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On this day in history in 1889, died James Joule.
Joule was a brewer and a physicist who established that various forms of energy are of the same essence and can be exchanged one for another, and from this formed the First Law of Thermodynamics that energy cannot be created nor destroyed.
James Prescott Joule was born on 24th December 1818, at Salford into a family of brewers, producers of Joules’ Ales. He was home tutored until aged sixteen when he was sent to Manchester University to study under John Dalton. After mastering the basics of arithmetic and geometry, Joule progressed to the study of electricity and experimented by applying electric shocks to the family servants.
After leaving university, Joule entered the family business as a brewery manager. He became interested in the idea of replacing the brew room steam engines with the newly invented electric motor. In studying the practicalities of this innovation, he wrote several scientific papers on which he contributed to the journal, Annals of Electricity. By 1840, he had stated what he called Joule’s Law, which expresses the relationship between heat, the current, which generates it, and the conductor through which it passes. By 1843, he had established the value of an amount of work required to produce a given quantity of heat, a unit he called a Joule, and discovered that heat was a form of energy independent of the materials, which produced it.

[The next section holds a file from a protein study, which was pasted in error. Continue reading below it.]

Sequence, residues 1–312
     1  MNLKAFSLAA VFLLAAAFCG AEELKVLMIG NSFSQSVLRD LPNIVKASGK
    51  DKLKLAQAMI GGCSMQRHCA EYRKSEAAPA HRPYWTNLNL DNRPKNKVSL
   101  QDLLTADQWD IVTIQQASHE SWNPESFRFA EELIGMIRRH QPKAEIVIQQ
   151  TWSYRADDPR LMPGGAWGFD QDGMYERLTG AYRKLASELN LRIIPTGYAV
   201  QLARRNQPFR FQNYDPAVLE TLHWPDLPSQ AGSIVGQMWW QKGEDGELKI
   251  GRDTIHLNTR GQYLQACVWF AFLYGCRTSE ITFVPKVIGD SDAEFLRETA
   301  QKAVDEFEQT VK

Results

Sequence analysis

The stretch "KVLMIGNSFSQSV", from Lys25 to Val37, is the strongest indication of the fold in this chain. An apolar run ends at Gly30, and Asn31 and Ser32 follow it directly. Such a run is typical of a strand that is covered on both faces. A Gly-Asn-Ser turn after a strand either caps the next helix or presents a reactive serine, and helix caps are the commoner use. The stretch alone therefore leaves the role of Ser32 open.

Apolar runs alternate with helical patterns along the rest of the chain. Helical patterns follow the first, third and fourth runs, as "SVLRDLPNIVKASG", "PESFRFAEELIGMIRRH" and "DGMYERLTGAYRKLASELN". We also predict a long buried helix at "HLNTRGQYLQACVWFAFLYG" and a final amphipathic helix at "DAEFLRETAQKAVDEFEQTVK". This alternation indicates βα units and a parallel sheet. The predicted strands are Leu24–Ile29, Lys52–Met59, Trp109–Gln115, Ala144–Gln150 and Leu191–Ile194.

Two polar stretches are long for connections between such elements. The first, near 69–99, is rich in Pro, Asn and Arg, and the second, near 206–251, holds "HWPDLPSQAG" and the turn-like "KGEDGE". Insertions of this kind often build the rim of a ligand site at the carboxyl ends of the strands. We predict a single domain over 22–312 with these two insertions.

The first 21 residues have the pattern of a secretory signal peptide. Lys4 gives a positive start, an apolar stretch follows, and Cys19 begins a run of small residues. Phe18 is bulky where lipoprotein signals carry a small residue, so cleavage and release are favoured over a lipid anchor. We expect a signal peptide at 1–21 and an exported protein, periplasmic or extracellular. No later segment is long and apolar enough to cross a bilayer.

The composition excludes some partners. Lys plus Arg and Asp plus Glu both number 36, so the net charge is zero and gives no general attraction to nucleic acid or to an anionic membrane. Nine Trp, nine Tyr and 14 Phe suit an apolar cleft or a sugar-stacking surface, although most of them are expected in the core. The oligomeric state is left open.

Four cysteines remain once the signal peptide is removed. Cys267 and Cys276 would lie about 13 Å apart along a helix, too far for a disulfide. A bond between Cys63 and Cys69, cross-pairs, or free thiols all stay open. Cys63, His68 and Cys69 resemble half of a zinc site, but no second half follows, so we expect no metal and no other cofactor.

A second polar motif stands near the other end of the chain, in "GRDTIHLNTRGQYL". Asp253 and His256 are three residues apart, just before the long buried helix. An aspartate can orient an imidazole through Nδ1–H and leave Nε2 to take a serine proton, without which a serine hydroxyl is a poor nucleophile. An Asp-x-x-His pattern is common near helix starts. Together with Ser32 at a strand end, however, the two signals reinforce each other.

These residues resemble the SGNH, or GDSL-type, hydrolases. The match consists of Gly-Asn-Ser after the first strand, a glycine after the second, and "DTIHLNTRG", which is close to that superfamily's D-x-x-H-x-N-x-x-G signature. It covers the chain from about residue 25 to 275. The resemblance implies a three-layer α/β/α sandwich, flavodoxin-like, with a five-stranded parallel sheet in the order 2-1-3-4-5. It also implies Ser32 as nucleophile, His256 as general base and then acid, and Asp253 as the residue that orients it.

In 1852, when working with Kelvin, he discovered that a gas allowed to expand, without performing work, would lower its temperature. This produced the basis for the science of refrigeration, which allowed the transportation of food products across continents in the latter part of the Nineteenth Century.
Joule spent many years trying to calculate the mechanical equivalent of heat. After several attempts, he calculated the figure of 772.55 feet/pound/Btu, which in scientific terms denotes the energy required to raise a pound weight, by one foot in height, represented in British Thermal Units.
Joule’s obsession with his scientific work led to the failure of his brewing business, which closed its doors in 1878. Joule was able to continue his work with the aid of a civil list pension of £200 per annum. He died in 1889 at his home in Sale and was buried at Brooklands Cemetery. On his tombstone is inscribed the magical figure of 772.55. [Sale Brooklands Cemetery, Marsland Road, Sale, Cheshire, M33 3NR]
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